It’s been ages since I posted, so instead of a targeted piece on some particular topic I thought I’d post something general. Consider it a shakedown post to get the rust off.
A bunch of things happened this summer which have shifted my view on technology and peacebuilding. In some ways my belief that these tools, such as mobile phones, crowdsourced maps and social media can create a space for profound change has been reaffirmed. In other ways my skepticism of the world-changing nature of technology has been stoked. Perhaps my inner political scientist has a hard time accepting one or the other, so I’ve begun thinking of technology and social change through the lens of political economy.
There’s a part of me that still firmly believes these tools, mobile phones, participatory maps, and social media can affect positive social change. They can provide a space to create political meaning, gauge popular sentiment and organize uprisings. In the field of international development we are seeing mobile phone applications change how we collect public health data, track project outcomes, and provide educational messaging that is having particularly positive effect on women’s and maternal health. SMS messaging is improving access to services in the developing world, especially rural regions. In conflict resolution and peacebuilding, projects like PeaceTXT are creating a narrative of peaceableness for subscribers in Kenya as opposed to merely being a reporting mechanism. This is all great.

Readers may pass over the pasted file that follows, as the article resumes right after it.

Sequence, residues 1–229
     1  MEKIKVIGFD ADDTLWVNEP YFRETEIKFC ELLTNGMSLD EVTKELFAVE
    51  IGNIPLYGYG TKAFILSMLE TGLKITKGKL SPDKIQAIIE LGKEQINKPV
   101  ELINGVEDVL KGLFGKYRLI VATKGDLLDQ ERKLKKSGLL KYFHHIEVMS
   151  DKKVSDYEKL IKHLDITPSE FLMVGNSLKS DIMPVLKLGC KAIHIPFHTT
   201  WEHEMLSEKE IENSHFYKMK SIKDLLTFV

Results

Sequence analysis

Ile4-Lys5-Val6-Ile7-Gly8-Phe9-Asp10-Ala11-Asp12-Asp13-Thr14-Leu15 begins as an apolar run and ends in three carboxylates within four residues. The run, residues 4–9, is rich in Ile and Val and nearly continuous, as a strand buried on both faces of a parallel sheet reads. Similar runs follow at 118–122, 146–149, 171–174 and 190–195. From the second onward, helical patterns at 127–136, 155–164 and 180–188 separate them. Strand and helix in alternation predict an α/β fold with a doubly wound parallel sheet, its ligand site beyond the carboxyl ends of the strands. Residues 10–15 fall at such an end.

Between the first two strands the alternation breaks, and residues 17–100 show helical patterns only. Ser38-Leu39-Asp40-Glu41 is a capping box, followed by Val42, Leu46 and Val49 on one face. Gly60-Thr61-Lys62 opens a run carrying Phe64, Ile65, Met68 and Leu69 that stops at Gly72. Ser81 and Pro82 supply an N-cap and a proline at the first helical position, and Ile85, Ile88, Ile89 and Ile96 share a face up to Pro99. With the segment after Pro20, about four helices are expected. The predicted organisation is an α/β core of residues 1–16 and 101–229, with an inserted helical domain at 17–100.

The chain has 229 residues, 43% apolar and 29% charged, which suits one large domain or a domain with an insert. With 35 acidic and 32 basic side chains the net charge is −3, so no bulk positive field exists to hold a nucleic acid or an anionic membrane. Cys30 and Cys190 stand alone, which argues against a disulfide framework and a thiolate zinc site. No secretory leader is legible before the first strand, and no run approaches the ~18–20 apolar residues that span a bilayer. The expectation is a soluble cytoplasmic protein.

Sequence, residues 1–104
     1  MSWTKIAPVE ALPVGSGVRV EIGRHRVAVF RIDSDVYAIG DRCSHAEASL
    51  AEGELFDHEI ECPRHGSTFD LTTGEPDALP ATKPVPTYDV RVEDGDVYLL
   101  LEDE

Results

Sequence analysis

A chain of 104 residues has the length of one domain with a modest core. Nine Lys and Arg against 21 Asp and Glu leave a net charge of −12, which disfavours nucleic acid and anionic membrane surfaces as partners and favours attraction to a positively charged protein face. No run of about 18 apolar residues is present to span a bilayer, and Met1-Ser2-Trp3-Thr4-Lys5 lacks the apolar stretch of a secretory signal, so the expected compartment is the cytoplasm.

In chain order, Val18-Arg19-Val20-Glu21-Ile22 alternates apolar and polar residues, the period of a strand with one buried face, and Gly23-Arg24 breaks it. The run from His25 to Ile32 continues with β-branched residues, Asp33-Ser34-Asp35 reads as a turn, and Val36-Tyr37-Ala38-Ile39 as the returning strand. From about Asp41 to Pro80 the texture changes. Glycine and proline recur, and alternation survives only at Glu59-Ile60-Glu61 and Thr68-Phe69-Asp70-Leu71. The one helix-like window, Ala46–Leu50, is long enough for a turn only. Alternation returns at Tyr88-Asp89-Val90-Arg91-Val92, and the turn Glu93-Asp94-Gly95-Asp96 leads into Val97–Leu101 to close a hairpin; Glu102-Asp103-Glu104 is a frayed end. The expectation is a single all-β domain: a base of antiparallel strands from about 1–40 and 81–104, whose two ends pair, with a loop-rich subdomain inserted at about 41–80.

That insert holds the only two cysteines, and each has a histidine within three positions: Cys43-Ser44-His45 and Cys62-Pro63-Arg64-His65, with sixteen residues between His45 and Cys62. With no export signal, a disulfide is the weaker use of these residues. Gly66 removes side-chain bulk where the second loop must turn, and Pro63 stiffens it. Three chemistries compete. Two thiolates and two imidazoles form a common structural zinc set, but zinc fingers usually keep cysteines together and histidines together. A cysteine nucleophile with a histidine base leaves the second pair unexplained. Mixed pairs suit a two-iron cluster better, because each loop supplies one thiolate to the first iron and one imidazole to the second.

But this is where the skepticism starts creeping in. I wanted to think of technology access in a way that wasn’t technology centered, so one day (that I now rue) I decided to take a political economy approach to how ICTs spawn and expand in societies. Instead of trying to decide whether ICTs are good or bad for democracy and conflict prevention, the question became whether different types of investment strategies led to ICT distributions that favored citizen empowerment or government control. Since investment is as political as it is monetary, and investment is required to build mobile phones systems and internet connections, I decided it would be fun to unpack how different investment instruments impact technology distribution and the political effects thereupon. This topic will be revisited over the coming academic year, since it’s both fun and complex.
The skepticism creeps harder when I start thinking about data ownership, the World Bank/Google ‘open’ data alliance, and Herbert Marcuse’s “One Dimensional Society.” This will be covered in more depth in the next post. For now, I think I’ve exercised enough writer’s block.